The worst thing Mother Koril does is inspire Mae to start the fire that destroys the coven. While she doesn’t explicitly tell her what to do, she goes behind Mother Aniseya’s back to order the girl to do everything she can to prevent Osha from leaving, even encouraging her to “get mad.” Given the high tension between the Jedi and the witches, it’s highly cruel and selfish to tell a child to get directly involved in the conflict, pitting her against her sister and encouraging her to take drastic actions. It almost seems like Sith-coded behavior. Although the fire doesn’t ultimately kill the witches, the chaos it sparks kickstarts the bloodshed.

Then, there’s Torbin, who is the most frustrating villain in the show. While Padawans, like Anakin Skywalker, can be difficult, the level of disrespect that Torbin shows Master Indara (Carrie-Anne Moss) is surprising. Disgruntled about the mission on Brendok, he repeatedly talks back to her, refuses to obey her orders, and scoffs at the importance of their mission. Perhaps his attitude might be excusable if he had some deep convictions about the Jedi’s actions. Instead, though, he simply acts this way because he dislikes the mission and wants to go home. When he learns that what the Jedi seek might lie with the witches, he decides to go charging into their coven uninvited when tensions are already high, refusing to heed the Jedis’ orders to stop.

Ultimately, Torbin is the reason why Sol ends up going to the coven and going rogue on his mission to get the girls. Without Torbin’s actions, Sol would’ve never had an opportunity to return to the coven without Indara’s supervision. He literally jeopardized and cost numerous lives because he didn’t like his job. In fact, if both Mother Koril and Torbin were simply removed from the picture, the deadliest event in The Acolyte wouldn’t have happened at all. Mother Aniseya was doing the right thing, and Indara likely would’ve forced Sol to accept the Jedi Council’s orders and never allowed him to go to the coven without supervision. Mother Aniseya and Indara were two strong and capable leaders whose plans to keep the peace between the witches and Jedi fell apart because Torbin and Mother Koril refused to respect their leadership and wisdom, and inspired Sol to do the same.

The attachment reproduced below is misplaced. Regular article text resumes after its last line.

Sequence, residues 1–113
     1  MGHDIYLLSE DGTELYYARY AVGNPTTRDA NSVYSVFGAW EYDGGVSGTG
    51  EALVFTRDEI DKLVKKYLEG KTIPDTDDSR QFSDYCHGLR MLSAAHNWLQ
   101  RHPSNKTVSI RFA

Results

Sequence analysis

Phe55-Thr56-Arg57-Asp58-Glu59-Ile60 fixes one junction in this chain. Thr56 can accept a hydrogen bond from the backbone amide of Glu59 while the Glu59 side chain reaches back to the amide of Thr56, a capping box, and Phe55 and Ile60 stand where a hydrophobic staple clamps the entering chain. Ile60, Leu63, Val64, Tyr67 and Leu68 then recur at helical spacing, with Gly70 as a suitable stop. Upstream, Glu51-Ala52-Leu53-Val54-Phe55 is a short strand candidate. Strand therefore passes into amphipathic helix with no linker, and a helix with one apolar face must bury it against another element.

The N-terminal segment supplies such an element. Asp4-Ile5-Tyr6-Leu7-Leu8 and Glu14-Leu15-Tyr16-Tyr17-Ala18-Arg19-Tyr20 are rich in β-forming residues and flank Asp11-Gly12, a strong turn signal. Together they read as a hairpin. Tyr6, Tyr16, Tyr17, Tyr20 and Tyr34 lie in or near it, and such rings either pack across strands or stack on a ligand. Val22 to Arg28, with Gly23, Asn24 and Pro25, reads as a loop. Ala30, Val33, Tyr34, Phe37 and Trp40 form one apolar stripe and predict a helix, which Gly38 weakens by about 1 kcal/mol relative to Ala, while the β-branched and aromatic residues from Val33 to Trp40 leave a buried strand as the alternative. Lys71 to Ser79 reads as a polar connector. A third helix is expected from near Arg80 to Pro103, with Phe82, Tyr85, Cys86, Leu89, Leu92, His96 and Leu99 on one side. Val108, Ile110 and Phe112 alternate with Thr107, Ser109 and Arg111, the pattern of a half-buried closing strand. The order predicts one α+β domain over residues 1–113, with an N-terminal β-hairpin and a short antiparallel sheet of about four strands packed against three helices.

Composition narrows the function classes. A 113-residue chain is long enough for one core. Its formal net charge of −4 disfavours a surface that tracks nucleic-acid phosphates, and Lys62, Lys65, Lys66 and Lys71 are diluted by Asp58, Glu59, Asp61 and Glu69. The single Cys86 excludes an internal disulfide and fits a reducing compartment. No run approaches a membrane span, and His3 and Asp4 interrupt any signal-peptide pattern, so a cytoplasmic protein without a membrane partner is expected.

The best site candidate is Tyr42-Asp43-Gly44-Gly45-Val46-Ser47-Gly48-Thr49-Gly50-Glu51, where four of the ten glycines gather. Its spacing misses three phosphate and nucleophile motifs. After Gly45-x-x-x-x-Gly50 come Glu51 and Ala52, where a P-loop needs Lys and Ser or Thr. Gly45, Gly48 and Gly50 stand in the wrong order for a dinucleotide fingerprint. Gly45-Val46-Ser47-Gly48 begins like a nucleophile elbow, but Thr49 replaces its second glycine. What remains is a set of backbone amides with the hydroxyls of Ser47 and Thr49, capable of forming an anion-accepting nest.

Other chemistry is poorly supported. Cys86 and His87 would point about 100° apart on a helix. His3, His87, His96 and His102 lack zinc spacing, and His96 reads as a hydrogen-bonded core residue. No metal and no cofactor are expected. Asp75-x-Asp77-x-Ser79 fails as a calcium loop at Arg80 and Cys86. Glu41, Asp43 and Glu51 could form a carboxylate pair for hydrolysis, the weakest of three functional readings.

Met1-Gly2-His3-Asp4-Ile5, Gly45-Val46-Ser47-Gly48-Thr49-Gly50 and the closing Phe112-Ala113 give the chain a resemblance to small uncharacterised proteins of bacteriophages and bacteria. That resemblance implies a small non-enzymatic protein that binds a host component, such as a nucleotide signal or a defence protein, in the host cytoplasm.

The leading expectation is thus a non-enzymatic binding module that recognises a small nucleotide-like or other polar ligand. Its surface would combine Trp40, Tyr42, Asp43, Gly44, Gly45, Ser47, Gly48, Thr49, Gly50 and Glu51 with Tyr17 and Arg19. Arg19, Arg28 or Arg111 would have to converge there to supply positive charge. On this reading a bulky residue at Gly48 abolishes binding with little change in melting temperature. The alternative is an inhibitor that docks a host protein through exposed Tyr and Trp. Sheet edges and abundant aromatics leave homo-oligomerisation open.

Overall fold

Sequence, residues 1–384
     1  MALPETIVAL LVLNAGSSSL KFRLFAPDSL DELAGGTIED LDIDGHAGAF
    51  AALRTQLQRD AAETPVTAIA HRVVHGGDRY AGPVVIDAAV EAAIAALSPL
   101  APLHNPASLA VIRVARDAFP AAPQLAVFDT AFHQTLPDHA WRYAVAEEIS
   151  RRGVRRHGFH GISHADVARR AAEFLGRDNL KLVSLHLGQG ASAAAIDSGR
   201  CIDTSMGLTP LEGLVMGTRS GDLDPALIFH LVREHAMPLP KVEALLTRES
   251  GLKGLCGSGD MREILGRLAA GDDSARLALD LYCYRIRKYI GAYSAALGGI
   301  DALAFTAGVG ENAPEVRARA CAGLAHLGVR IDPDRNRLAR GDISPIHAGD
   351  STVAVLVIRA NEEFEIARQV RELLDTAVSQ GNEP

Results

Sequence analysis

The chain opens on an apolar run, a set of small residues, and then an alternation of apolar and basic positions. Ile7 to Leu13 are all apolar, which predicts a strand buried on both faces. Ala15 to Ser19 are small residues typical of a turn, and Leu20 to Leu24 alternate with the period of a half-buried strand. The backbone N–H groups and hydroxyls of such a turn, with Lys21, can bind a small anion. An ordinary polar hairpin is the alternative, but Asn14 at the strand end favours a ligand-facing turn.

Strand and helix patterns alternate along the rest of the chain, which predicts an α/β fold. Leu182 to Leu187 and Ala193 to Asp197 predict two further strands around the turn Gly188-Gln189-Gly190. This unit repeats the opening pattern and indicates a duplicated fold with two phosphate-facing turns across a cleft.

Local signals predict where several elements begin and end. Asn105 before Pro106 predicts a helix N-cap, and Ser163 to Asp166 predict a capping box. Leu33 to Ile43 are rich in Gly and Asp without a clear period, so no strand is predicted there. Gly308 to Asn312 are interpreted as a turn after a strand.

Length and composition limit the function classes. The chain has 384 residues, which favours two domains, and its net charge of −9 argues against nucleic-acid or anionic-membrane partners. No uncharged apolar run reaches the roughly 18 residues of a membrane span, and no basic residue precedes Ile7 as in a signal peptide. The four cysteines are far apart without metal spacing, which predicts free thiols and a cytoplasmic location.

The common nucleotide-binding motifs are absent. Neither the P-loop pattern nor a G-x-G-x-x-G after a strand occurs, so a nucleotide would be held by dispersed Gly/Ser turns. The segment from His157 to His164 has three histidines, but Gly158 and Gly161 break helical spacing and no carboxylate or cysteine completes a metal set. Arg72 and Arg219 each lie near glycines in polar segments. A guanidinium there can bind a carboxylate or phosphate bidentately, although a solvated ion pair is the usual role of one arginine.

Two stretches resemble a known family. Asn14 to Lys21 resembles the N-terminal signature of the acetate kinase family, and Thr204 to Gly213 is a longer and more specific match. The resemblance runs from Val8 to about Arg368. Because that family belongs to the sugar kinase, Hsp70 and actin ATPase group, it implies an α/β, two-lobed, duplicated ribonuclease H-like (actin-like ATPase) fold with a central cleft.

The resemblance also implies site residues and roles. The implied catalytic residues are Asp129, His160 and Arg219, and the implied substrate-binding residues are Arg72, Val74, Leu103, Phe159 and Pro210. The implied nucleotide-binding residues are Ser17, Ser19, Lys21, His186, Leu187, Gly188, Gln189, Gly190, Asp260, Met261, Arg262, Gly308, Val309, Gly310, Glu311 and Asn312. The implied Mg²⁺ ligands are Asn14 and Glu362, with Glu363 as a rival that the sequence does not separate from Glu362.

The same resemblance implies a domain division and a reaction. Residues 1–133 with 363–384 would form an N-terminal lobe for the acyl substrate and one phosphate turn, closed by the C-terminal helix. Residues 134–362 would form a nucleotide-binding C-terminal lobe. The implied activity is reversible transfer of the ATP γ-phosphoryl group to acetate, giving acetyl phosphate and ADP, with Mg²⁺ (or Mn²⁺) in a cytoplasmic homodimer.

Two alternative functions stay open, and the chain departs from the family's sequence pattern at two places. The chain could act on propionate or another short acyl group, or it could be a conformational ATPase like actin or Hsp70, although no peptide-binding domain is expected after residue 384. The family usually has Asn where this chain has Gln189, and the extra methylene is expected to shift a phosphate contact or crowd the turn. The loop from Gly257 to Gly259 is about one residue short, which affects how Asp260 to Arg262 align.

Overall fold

Viewers should certainly be angry at Sol for his responsibility for Brendok, but Torbin and Mother Koril also played a major role in the events. They are also arguably the worst type of villains, acting out of irrationality and selfishness and stirring little emotion in viewers other than frustration.

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Rachel Ulatowski
Rachel Ulatowski is a Staff Writer for The Mary Sue, who frequently covers DC, Marvel, Star Wars, literature, and celebrity news. She has over three years of experience in the digital media and entertainment industry, and her works can also be found on Screen Rant, JustWatch, and Tell-Tale TV. She enjoys running, reading, snarking on YouTube personalities, and working on her future novel when she's not writing professionally. You can find more of her writing on Twitter at @RachelUlatowski.